If your new handset has a background-blurring Portrait Mode built in, here's how to take the best shots this side of a DSLR...

So, you’ve just picked up a top of the line smartphone – it might be the new iPhone XR or XS, a Google Pixel 3, or maybe an OnePlus 6T. Whatever the case, if it’s a recent flagship, the odds are pretty good that the inbuilt camera app boasts a background-blurring ‘Portrait Mode’.

But how does Portrait Mode work, and – more importantly – how can you use it to its fullest when out and about? Here’s our one-stop guide to taking breath taking portraits…

Take portraits like a pro

At a base level, what Portrait Modes on modern smartphones offer is an imitation of the ‘Bokeh’ effect that fully-fledged DSLR cameras provide, where the camera uses a shallow depth of field to blur everything behind the subject. To learn more, we caught up with professional photographer, Vodafone Social guest blogger, and iPhone XR owner, Ben Carpenter:

“As a professional photographer, I find using a shallow depth of field is important for achieving creative, striking images,” Ben tells us. “So it’s great that the Portrait Modes you’ll find on today’s smartphones allows you to achieve this ‘soft background focus’ effect in a super portable frame – using either a mixture of two rear lenses, 3D Mapping technology or clever AI software.

“Phones might not be able to replace high-end DSLRs in the professional space just yet, but the results you can get on these new devices are pretty remarkable all the same.”

And with that in mind, here are Ben’s five essential tips for making the most of this year’s hottest camera feature, whether you’re snapping someone else, or taking a selfie:

1. Use light to your advantage
“Lighting is obviously important in all kinds of photography,” Ben says, “but particularly if you’re photographing people, where shadows can be both your friend and enemy. Try positioning your subject with the sun behind them, as this will give them a warm ‘rim light’ (outline) glow, with no harsh light or shadows.

“Try positioning your subject with the sun behind them, as this will give them a warm ‘rim light’ (or outline) glow…”

“If you’re looking to get a really professional look, use a reflector (a piece of white card will do) to bounce the light back onto them. This’ll add flattering light to the face and a nice twinkle in the eyes.

“Play around with the exposure, too,” he adds. “Tap the subject to focus directly on them, and then hold and slide your finger to change the brightness. This is particularly important if the main light is behind your subject.”

2. Consider your framing
“Portrait Modes tend to work best when you’re close to your subject, so I’d avoid trying to get a full length shot; head and shoulders are perfect for the soft focus background effect. You should also try to position your subject away from the background,” Ben says. “Portrait Mode definitely works best when there is a bit of distance between the two.”

2. Watch out for hair and glasses
“Stray hairs can be a problem for the Portrait Mode effect, as random strands will often get blurred along with the background. The likes of Apple and Google have improved the software smarts for this quite dramatically for their recent phone generations, but all phones will get confused from time to time because they’re using software, rather than hardware, to produce the blur.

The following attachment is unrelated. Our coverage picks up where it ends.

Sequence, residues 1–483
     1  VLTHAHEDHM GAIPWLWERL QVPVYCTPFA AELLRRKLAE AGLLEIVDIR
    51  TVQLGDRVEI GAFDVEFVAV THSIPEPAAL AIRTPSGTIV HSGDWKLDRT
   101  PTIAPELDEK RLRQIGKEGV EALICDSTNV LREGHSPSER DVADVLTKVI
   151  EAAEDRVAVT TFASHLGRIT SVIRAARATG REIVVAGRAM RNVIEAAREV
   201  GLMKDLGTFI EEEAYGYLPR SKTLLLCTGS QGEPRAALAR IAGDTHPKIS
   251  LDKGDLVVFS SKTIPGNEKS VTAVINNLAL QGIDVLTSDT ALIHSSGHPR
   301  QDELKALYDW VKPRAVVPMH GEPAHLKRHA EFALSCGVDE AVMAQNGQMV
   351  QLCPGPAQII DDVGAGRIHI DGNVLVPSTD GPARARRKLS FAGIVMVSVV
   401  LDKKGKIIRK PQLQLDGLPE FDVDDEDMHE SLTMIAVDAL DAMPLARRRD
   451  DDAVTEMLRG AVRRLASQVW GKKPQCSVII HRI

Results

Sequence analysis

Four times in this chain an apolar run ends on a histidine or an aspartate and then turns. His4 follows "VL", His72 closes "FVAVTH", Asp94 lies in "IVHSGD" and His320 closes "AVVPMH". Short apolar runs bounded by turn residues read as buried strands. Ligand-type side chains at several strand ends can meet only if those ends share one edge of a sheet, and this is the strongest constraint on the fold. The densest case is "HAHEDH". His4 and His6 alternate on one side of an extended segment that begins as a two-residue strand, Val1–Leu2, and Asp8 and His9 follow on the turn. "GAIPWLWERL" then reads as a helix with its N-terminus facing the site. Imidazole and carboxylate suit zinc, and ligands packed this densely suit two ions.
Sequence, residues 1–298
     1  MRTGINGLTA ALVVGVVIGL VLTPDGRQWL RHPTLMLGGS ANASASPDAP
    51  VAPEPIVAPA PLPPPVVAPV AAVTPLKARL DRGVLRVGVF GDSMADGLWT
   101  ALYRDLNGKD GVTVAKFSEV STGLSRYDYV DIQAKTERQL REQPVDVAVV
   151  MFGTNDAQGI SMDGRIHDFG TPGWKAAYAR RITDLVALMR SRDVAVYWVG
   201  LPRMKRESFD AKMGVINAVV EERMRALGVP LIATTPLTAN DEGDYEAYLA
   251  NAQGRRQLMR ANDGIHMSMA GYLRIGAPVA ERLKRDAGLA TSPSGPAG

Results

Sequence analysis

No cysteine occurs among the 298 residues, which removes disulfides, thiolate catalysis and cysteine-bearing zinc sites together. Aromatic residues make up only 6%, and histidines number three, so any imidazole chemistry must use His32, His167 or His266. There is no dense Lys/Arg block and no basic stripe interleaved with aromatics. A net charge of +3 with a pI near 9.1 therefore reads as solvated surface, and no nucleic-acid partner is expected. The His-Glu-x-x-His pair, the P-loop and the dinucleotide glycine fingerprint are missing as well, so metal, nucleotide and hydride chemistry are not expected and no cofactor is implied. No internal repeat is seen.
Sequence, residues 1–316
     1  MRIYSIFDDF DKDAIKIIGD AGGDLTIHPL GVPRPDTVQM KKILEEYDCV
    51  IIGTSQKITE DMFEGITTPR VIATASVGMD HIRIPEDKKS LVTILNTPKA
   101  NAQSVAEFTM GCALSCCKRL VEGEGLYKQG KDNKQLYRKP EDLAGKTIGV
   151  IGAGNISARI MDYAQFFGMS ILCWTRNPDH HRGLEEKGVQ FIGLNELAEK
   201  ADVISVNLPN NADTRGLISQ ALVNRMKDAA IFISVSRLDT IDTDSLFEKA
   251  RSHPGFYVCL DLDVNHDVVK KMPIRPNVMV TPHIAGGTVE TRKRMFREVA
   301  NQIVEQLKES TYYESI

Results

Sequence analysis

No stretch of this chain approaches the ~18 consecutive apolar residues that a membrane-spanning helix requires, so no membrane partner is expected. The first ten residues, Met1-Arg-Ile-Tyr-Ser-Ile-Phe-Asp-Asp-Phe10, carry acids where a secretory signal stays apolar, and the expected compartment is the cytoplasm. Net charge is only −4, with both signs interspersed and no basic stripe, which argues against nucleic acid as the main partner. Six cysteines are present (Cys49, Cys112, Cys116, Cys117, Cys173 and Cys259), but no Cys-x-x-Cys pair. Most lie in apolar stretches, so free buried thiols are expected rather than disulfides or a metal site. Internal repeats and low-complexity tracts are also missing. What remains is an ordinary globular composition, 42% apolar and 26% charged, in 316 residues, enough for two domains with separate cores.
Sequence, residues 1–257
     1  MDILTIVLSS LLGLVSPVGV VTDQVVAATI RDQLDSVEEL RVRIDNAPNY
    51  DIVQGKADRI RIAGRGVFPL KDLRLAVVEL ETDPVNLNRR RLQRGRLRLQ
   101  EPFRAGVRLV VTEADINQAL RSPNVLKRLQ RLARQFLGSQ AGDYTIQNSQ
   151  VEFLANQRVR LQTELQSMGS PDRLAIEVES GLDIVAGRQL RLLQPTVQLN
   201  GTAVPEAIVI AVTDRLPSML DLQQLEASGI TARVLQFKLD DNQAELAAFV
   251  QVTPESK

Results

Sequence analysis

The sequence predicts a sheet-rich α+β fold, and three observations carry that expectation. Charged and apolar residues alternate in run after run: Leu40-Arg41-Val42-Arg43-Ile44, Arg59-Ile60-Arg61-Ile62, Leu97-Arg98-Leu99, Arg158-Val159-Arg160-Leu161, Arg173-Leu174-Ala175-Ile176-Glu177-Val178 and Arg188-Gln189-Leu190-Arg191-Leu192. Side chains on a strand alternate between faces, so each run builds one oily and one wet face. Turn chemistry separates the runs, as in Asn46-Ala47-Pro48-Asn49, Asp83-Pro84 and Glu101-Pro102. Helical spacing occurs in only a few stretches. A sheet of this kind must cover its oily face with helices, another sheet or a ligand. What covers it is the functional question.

“That said, even the most skilled photographer can have difficulties in Photoshop trying to edit around individual hairs,” Ben explains, “so it’s not surprising that a phone will have a similar problem. The best advice here is just to check the shots as you go for any glitches, and watch out for glasses while you’re at it – some frames can get accidentally blurred out at specific angles.”

4. Try out your phone’s lighting modes
“Most Portrait Modes offer a range of lighting modes – on iPhone you have the choice of options like natural, studio and contour, for example. It’s worth noting that these aren’t just filters you apply in editing software though,” Ben says. “The technology actually analyses your subject’s facial details to recreate the kind of lighting effects you would get using a professional camera.

“I’ve found the results from these are surprisingly good. ‘Contour light’ [or your phone’s equivalent] can be particularly effective for creating some flattering shadows, but either way, the fact that you can play around with these modes after taking the shot frees you up to get creative in your own time.”

5. Plan ahead
“I know that with phone photography most shots tend to be spontaneous, but if you have time plan things, it’s usually worth thinking about when would be best time in the day to get that perfect shot. I use an app called Sun Surveyor,” Ben explains, “to view the sun direction and position in the sky.

“If you shoot during the golden hour (just after sunrise or before sunset), you’ll get soft, flattering light. Similarly, if you’re travelling, be sure to hit the popular tourist destinations early in the morning or later on in the day – when the tourists and the traffic have all moved on.”

“And remember,” Ben says in closing, “like any kind of photography, it pays to experiment, play around, and work out what works best for you.”

You can keep up with Ben’s photography over at @Bencphoto on Instagram, or at bencarpenterphotography.com.

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